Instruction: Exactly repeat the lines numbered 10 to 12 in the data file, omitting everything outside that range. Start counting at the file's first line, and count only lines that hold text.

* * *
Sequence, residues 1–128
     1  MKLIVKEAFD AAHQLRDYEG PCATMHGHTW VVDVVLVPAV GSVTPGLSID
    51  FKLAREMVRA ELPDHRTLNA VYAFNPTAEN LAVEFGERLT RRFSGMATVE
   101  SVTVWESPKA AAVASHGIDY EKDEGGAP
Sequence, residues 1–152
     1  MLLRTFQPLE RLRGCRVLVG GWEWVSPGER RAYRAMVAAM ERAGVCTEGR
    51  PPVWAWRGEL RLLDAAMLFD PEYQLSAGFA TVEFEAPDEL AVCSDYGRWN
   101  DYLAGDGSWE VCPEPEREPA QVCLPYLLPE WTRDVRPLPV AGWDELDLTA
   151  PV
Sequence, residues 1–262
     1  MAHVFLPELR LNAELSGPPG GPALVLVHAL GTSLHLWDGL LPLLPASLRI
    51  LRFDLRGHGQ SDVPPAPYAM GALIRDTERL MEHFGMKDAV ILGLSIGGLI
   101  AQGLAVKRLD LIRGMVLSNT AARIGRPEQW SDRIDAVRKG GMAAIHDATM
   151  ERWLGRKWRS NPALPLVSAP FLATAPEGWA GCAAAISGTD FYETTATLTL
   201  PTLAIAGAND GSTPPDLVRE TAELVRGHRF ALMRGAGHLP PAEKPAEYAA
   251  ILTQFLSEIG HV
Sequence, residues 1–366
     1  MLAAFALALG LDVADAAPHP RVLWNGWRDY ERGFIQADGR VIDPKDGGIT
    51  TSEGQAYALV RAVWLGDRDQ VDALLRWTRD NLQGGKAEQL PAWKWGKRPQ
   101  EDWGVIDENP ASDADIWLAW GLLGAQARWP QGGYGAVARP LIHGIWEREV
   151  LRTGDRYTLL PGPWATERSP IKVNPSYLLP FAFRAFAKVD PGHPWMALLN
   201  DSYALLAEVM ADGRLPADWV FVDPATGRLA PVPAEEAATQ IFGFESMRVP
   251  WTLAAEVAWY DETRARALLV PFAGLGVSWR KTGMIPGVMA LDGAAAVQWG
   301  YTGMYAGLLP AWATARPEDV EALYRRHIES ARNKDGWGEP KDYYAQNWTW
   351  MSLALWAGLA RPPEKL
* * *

Sequence, residues 1–262
     1  MAHVFLPELR LNAELSGPPG GPALVLVHAL GTSLHLWDGL LPLLPASLRI
    51  LRFDLRGHGQ SDVPPAPYAM GALIRDTERL MEHFGMKDAV ILGLSIGGLI